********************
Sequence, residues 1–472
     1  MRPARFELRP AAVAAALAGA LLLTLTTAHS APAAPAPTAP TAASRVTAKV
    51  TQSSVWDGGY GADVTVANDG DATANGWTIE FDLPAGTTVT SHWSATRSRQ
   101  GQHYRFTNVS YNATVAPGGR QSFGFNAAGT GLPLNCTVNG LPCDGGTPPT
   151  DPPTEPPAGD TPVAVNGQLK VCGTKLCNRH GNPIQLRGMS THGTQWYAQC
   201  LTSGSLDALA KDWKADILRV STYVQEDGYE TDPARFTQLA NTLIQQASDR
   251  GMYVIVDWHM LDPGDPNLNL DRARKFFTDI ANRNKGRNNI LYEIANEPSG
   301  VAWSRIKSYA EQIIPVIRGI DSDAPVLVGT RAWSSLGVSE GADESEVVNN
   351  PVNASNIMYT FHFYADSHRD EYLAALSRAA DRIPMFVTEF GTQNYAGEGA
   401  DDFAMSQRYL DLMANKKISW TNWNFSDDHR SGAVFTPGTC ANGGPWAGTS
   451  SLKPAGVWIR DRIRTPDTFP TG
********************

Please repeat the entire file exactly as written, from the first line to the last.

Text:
Sequence, residues 1–472
     1  MRPARFELRP AAVAAALAGA LLLTLTTAHS APAAPAPTAP TAASRVTAKV
    51  TQSSVWDGGY GADVTVANDG DATANGWTIE FDLPAGTTVT SHWSATRSRQ
   101  GQHYRFTNVS YNATVAPGGR QSFGFNAAGT GLPLNCTVNG LPCDGGTPPT
   151  DPPTEPPAGD TPVAVNGQLK VCGTKLCNRH GNPIQLRGMS THGTQWYAQC
   201  LTSGSLDALA KDWKADILRV STYVQEDGYE TDPARFTQLA NTLIQQASDR
   251  GMYVIVDWHM LDPGDPNLNL DRARKFFTDI ANRNKGRNNI LYEIANEPSG
   301  VAWSRIKSYA EQIIPVIRGI DSDAPVLVGT RAWSSLGVSE GADESEVVNN
   351  PVNASNIMYT FHFYADSHRD EYLAALSRAA DRIPMFVTEF GTQNYAGEGA
   401  DDFAMSQRYL DLMANKKISW TNWNFSDDHR SGAVFTPGTC ANGGPWAGTS
   451  SLKPAGVWIR DRIRTPDTFP TG